Users might be a little more wary of unsolicited offers for anti-virus software after a SonicWall report indicated that fake anti-virus scams sailed to the top of the list as the most pervasive form of malware during the first half of 2011, according to a SonicWall midyear threat report, released Monday.
Researchers at SonicWall found fake anti-virus to be the most widespread threat, in part, because of its adaptability and reliance on increasingly more authentic looking interfaces and advanced social engineering techniques in order to infect users.
“The fake AV [anti-virus] program now has real graphic designers,” said Ed Cohen, SonicWall vice president of e-mail security business unit and corporate development. “They’re making framed pages and drop down menus. It looks very real.”
Fake anti-virus scams lure users in by offering a “free” virus scan, which often falsely alerts the victims that their computer is infected with malware. The fake anti-virus scam then offers to conduct a computer sweep that claims to eliminate the threat, for a fee that requires users' login credentials as well as credit card information. In reality, the anti-virus program being offered is bogus, and the user gives away personal and financial details to cybercriminals.
Cohen said that the scams are overwhelmingly successful by exploiting the latest news and trends with SEO poisoning attacks in order to get fake anti-virus links to the top of the search pages on engines such as Google or Bing.
The poisoned attacks then draw a broader user base, while targeting users with OS-specific and location-specific scams. Users often click the links thinking that they are visiting a site related to their search terms, only to be redirected to fake antivirus and malware sites that download bogus or malicious software onto their systems.
And many similar scams have branched out from fake anti-viruses to entice users with offers for other “free” software. A malicious variant is now circulating consisting of fake desktop utilities , Cohen said.
“Whatever people are inventing, it’s not limited to fake AV,” Cohen said.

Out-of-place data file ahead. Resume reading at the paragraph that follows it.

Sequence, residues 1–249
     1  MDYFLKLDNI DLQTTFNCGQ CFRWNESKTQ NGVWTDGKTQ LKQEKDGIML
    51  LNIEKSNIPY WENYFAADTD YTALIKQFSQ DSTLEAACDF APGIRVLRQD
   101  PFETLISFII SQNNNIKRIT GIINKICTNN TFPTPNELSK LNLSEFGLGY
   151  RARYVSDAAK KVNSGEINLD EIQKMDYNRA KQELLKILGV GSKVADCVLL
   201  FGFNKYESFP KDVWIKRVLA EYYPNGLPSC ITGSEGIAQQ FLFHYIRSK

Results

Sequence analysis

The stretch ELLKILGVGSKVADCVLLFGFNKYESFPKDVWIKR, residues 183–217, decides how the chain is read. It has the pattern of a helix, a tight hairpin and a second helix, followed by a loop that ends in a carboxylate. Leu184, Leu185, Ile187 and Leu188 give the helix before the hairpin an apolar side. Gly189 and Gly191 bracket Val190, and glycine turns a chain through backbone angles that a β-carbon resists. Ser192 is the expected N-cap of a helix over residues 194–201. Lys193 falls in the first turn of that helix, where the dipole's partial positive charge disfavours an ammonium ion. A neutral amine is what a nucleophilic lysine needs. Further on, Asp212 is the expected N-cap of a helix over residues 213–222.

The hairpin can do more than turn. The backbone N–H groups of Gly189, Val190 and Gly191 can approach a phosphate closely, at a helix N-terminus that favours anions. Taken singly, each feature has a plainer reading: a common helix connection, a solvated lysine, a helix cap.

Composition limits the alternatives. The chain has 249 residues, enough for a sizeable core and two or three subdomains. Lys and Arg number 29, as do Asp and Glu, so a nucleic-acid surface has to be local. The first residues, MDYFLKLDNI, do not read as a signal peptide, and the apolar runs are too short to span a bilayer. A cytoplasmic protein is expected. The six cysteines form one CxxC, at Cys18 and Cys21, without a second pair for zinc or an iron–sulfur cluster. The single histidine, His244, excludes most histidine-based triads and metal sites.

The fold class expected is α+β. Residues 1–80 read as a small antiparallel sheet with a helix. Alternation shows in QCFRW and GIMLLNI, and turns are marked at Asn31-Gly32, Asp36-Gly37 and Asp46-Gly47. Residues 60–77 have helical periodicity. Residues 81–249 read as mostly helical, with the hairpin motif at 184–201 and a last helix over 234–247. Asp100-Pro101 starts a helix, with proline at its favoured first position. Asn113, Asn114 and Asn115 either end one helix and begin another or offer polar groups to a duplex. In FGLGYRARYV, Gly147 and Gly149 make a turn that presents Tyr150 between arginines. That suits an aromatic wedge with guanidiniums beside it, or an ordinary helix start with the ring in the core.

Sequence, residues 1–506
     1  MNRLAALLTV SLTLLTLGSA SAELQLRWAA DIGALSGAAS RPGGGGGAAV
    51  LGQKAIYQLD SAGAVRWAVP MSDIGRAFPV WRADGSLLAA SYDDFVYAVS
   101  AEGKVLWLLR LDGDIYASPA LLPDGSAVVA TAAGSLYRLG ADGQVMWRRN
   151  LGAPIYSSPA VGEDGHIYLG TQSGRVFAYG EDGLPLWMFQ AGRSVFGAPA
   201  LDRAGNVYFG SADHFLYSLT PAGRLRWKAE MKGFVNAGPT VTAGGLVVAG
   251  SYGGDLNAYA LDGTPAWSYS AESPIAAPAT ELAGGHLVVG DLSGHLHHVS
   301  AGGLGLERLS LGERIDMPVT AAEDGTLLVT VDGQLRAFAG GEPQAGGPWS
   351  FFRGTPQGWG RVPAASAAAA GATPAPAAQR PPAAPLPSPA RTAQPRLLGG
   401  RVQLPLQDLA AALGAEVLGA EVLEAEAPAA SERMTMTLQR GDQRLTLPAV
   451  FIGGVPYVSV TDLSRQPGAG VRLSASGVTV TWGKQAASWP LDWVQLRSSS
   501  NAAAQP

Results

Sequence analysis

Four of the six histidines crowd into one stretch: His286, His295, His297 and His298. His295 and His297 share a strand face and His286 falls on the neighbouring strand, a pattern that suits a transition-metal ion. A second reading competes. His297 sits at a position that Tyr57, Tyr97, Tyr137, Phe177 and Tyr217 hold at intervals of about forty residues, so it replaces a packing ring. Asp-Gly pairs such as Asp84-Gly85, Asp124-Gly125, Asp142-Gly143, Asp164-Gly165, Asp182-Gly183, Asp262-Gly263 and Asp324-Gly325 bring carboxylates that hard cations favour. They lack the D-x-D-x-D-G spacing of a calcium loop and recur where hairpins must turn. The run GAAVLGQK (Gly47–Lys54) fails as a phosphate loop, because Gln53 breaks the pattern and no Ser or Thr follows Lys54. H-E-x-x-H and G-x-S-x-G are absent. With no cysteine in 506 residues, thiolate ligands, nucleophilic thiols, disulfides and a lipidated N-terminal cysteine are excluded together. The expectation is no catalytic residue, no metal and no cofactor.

In particular, researchers found that the rising tide of fake anti-virus during the first half of 2011 includes a new variant consisting of fake desktop utilities, propelled by SpyEye and Zeus Trojan spam.
In addition, the report found that security threats from social media continue to rise as social networking sites such as Facebook and Twitter are increasingly used in the workplace. Some of the most successful attack techniques include click-jacking scams that lead to pay-per-click surveys, as well as rogue apps that impersonate online games in order to distribute malware. Meanwhile, attacks on Twitter are often disguised by shortened malicious links that distribute malware when the mouse hovers over them.
Finally, mobile malware continues its upward trajectory, SonicWall said. In particular, mobile security threats for the Android platform experienced a big upward spike, proliferated with the growth of the Android Market.
While mobile security threats are not as widespread as PC-focused attacks, they are growing at a rapid clip, Cohen said Threats often infiltrate a mobile device via popular cross-platform applications such as Apple Safari and Adobe Reader, designed to attack multiple operating systems. Meanwhile, the small screens of mobile devices truncate long URLs, thus obfuscating links that masquerade as legitimate URLs.
Cohen said with the wider array of attack vectors brought in with mobile phones and tablets, come an increase in the number of attempts to exploit corporate networks. And compounding the threat is the fact that there are multiple ways cyber criminals can get onto users' Android and other mobile devices, he said.
“The more access points in the network, the more vulnerabilities there are in network,” he said. “There are so many places that can be exploited”